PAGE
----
Pre-service teachers were more likely to rate the following practice as ethical: A teacher creates learning activities with specific math problems that are included in the annual achievement test. In-service teachers were more likely to rate the practice as unethical. Otherwise there were few differences between the two groups.
Do no harm
Stressing the importance of developing guiding principles and an ethics framework for educators, researchers reviewed previous research and found two general principles that could provide a starting point for developing ethics guidelines. These two principles are: “do no harm” and “avoid score pollution.”
“Do no harm” focuses on the importance of protecting the rights of individuals affected by an evaluation, the authors write. “Fairness (or protection of student rights) is a general principle that no one contests in the abstract,” they write. “However, thinking about causing harm focuses the discussion at the level of the implications of everyday practice. Educators must be well versed in the potential impact of the practices they use because their assessment and evaluation may have a variety of unintended consequences for their students.
“For example, a teacher who uses surprise items on a test that did not appear on the study guide may do harm by breaking the implicit bond of trust between teacher and student. A teacher who passes out tests from highest grade to lowest may do harm by breaching confidentiality. Such actions imply lack of respect for student rights and needs.”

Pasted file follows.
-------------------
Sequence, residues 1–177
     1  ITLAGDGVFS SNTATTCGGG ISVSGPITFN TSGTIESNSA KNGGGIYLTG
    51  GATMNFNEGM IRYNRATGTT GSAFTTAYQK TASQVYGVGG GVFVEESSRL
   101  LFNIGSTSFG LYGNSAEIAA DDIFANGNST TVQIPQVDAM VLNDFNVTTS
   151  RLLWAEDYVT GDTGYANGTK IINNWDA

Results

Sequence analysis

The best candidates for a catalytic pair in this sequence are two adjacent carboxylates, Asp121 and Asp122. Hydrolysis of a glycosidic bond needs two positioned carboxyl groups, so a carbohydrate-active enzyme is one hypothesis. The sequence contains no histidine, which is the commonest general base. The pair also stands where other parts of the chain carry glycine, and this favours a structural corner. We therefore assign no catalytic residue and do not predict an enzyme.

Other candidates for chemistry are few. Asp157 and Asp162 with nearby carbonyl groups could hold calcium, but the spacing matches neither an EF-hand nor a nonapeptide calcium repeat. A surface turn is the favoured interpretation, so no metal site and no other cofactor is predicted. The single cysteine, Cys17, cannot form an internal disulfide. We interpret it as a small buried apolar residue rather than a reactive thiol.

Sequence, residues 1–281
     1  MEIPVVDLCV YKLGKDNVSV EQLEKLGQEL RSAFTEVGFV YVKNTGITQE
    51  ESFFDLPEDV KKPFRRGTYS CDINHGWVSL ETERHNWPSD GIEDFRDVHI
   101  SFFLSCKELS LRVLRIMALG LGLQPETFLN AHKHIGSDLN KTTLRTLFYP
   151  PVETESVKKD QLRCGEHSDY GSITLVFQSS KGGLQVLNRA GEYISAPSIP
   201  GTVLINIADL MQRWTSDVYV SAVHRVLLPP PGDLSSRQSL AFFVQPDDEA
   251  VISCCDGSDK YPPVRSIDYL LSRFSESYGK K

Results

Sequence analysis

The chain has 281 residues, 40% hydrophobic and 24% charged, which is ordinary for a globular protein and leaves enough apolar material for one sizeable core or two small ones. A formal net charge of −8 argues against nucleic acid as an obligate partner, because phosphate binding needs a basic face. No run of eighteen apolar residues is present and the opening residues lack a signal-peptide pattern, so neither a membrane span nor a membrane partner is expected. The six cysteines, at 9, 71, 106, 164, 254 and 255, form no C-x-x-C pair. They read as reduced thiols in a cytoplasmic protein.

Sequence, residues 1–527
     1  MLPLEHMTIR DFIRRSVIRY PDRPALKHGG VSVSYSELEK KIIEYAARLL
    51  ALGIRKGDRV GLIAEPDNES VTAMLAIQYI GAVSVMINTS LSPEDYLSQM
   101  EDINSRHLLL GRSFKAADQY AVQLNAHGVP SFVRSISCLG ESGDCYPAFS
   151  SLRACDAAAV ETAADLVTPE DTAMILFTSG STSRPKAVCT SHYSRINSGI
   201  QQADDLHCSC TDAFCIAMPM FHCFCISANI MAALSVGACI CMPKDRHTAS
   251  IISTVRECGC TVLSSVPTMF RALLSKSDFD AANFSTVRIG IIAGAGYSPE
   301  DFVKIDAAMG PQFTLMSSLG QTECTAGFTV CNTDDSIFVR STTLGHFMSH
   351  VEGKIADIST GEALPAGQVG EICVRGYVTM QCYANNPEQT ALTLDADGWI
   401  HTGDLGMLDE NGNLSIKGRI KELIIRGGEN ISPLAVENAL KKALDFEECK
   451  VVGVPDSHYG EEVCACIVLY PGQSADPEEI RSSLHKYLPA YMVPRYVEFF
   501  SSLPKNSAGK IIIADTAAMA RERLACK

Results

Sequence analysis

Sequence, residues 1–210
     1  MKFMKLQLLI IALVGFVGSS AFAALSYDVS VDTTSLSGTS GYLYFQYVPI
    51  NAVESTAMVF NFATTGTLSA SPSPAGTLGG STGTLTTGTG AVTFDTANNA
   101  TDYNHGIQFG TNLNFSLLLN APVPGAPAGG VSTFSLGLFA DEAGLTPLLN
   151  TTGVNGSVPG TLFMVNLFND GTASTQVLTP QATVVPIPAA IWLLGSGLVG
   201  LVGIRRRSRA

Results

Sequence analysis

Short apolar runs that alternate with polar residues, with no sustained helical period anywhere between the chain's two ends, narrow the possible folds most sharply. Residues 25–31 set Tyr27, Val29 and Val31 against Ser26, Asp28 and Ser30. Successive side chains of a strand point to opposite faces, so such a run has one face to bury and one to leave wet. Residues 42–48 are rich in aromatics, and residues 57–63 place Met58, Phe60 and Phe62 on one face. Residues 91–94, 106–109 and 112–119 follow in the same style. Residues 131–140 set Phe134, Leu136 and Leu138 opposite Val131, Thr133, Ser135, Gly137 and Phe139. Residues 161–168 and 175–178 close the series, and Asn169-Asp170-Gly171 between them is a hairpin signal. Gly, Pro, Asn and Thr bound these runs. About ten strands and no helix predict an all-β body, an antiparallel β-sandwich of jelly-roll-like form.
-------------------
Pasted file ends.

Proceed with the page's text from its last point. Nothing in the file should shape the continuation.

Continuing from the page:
Avoid score pollution
The other principle, “avoid score pollution”, is based on the premise that any practice that improves test performance without increasing actual mastery of content produces score pollution. Practicing before a test with actual test content would produce score pollution, the authors write, and so would modifying grades or scores because of student effort, lateness or behavior problems.
In their survey responses, teachers showed more agreement on items that related to the “do no harm” principle than on the items that related to “avoid score pollution.”
As a working principle, the authors propose using a definition of ethical behavior as “acting based on one’s judgment of an obligation– a duty by virtue of a relationship with a person, persons, or social institution.”
Schools and districts should encourage conversations about ethical issues in assessment, and teacher training programs should address ethics issues in courses on instruction and assessment, the researchers say. Disagreement among teachers on items related to score pollution indicates that classroom grading should be especially highlighted in discussions on ethics. Even with guidelines,however, there will always be the need for educators to exercise judgment. “Educators must be given the space, autonomy, and support to learn to use their judgment,” the authors write.
“Ethics in classroom assessment practices: Issues and attitudes,” by Susan Green, Robert Johnson et. al. Teaching and Teacher Education, October 2007, Volume 23, Issue 7, pp. 999-1011.
Published in ERN October 2007 Volume 20 Number 7